Trapper Keepers, First Days, and Walking through the Doorway

Today is the first day “back to school” for my two boys, Felix and Oliver.  Though they are only 4 and 2, their “First Day of School” conjured up powerful emotions in me – and also taught me a lesson by experiencing the day through the lens of a parent.

During grade school years, I remember vividly the annual trip with my mom to K-Mart or one of the big stores to purchase pencils, notebooks, folders…and if I was lucky: a Trapper Keeper! There was something so magical about choosing bright-colored papers, perfectly sharpened pencils, and unblemished erasers…. almost anything seemed possible for the year ahead with fresh school supplies.

Every year there was also the anticipation of sharing the adventures and the “news” of the summer with friends. Today Oliver’s big news was “no more pacifier!” and Felix’s was “I got my first real haircut!” (Certainly over the years these news items will change dramatically.) But along with excitement there is also some anxiety around what changes might occur in the coming year – from new faces to new activities and subjects.

Felix and Oliver both woke up eager to get to school – quickly packing bags with their snacks, racing to get dressed, and running to the tram to reunite with their friends, teachers, and beloved classroom toys.  As we approached the school however– the excitement turned quickly (and visibly) to fear.  Sure, the classroom was appealing with fun toys and crafts and friendly faces; but it was also scary to enter a new stage…even at the age of 2. Or 4. New lesson plans and announcements welcoming new students were hung outside the various doors – all signs of the changes ahead for the boys. Summer had been fun, free, and comfortable – and while today was exciting – change is not easy.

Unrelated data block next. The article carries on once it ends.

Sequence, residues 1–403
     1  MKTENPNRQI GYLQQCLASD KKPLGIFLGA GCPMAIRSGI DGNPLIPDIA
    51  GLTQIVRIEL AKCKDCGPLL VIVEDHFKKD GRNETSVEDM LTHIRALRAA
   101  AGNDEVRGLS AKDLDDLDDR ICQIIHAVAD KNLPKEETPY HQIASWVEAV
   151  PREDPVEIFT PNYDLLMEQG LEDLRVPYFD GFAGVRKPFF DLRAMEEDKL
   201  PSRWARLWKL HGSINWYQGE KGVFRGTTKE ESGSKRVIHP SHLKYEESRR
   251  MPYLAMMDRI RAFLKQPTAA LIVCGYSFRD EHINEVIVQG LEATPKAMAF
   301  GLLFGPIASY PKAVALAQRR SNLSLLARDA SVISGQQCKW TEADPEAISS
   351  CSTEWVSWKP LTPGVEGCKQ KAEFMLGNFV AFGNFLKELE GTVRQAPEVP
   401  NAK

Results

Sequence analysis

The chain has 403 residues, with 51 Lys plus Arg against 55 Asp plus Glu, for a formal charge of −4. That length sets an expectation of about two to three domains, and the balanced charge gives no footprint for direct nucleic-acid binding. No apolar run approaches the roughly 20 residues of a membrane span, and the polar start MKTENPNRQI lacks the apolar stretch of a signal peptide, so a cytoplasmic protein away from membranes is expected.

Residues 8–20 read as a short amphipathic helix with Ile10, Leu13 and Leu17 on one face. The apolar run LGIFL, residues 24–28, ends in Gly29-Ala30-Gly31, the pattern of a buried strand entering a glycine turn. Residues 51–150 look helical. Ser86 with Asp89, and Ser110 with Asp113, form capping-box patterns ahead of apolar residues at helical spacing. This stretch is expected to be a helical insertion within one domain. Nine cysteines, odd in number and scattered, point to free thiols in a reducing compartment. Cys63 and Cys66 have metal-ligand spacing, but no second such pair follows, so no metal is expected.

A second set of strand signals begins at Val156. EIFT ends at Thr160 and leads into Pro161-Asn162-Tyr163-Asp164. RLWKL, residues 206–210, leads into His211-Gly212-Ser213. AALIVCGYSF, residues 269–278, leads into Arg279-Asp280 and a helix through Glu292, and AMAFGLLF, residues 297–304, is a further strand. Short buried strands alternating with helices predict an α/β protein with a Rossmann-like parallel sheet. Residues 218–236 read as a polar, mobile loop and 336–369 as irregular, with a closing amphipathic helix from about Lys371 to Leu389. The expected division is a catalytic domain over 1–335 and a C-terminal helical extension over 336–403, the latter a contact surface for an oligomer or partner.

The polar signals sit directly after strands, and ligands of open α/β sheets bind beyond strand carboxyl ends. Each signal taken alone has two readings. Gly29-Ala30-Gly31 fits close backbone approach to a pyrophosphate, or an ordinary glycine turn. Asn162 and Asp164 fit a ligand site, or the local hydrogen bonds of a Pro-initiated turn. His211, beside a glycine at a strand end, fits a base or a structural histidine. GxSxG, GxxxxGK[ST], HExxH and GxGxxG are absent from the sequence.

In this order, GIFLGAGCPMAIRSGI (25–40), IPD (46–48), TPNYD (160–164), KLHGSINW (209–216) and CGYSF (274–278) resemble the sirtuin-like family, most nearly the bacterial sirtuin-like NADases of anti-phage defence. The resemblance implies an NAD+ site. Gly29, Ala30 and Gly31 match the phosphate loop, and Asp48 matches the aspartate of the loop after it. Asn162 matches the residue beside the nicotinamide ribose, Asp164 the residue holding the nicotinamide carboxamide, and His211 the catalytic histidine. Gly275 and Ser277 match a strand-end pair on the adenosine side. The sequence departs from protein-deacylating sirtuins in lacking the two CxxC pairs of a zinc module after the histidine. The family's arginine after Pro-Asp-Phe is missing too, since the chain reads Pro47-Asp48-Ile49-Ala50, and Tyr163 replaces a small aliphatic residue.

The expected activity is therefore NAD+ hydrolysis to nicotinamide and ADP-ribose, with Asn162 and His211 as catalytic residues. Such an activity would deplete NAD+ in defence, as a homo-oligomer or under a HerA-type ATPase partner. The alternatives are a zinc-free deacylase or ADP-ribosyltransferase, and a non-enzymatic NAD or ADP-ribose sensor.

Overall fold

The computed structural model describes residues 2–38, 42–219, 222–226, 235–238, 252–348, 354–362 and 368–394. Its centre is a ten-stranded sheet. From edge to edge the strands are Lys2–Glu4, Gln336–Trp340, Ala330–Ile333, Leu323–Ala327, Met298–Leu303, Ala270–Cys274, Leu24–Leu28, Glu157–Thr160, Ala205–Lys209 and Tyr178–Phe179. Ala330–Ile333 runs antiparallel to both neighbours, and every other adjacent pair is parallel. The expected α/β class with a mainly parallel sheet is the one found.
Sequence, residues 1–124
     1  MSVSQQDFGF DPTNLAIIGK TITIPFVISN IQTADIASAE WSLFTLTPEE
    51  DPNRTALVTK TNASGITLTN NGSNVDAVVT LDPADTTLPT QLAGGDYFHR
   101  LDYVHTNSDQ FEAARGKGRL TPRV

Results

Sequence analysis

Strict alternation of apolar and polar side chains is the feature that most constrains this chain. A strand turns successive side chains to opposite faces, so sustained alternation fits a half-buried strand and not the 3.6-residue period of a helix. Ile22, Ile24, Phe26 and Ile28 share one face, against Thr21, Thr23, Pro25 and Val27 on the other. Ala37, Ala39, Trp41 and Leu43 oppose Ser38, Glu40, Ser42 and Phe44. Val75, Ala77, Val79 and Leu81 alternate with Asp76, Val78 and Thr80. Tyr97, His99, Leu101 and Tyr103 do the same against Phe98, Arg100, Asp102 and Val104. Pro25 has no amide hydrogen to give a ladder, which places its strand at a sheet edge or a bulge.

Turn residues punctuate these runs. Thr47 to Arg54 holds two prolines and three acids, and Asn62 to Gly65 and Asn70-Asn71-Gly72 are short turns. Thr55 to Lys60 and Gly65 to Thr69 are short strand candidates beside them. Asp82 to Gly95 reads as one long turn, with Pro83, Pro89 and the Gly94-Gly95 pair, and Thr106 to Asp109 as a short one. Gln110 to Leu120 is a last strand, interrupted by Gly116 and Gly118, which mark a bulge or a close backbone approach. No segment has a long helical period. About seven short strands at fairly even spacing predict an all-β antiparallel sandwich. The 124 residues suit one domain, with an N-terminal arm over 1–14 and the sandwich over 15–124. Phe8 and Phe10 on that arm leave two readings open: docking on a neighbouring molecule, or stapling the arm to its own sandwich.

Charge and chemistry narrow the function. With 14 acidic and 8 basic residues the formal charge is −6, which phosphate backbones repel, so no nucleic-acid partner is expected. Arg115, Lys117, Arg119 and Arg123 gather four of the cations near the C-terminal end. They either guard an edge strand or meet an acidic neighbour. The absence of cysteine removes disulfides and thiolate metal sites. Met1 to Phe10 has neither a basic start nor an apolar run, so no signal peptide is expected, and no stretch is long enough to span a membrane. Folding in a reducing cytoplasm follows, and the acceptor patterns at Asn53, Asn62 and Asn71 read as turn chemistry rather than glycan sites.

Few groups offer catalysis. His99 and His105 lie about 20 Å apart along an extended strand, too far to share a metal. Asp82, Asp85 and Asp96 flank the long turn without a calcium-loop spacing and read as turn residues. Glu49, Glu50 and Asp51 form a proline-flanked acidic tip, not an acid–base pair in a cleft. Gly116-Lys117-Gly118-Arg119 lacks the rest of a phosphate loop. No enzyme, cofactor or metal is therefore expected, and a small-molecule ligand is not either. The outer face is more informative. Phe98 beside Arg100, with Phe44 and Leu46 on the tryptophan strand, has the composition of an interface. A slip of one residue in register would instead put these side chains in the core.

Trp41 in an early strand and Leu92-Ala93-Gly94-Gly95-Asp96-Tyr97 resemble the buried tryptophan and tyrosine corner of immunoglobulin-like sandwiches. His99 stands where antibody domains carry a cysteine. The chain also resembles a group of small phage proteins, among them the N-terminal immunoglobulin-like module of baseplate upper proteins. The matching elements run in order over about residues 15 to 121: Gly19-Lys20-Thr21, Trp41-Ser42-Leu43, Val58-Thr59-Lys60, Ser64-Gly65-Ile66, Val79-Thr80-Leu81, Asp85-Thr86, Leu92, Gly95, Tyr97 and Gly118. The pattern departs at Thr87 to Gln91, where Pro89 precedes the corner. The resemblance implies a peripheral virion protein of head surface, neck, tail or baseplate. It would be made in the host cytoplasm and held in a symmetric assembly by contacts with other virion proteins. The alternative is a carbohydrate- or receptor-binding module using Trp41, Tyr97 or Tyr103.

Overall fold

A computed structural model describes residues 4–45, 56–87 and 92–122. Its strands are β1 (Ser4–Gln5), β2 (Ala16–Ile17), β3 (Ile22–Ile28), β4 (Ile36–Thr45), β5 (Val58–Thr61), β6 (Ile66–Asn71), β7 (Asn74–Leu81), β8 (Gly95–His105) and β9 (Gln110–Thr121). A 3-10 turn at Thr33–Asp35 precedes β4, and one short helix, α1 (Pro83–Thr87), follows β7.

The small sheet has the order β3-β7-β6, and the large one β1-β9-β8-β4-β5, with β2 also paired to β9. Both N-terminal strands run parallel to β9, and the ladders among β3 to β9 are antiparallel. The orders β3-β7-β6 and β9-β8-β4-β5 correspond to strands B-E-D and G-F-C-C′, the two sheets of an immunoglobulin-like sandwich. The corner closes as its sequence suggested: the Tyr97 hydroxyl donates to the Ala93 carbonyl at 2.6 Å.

Now we were heading to a new beginning – time to take the next step into an unknown.

Both boys cried, both boys needed extra hugs and kisses, and both boys reluctantly – and fearfully entered their respective classrooms.  They walked through the doorways and after a few minutes, forgot the fears that had grounded them on the other side of the door.  I could hear them both engaged in play and music before I had left the building – fully present and in the moment. Hours later at pick-up time, both boys ran into my arms bursting with “news” and reports on the day and questions about what was for dinner tonight.

I learned something in the short span of hours today…the lessons of the “first day of school” still have resonance.  It’s time for me to walk through a doorway. I admire Felix and Oliver’s steps and their ability to dive into these new environments, even after short-lived moments of crying.   Watching Felix, Oliver and their classmates this morning, and even more so this afternoon – I realized that I have allowed my own self-doubt and anxiety to keep me from leaping into a new stage of life in this new city of Berlin.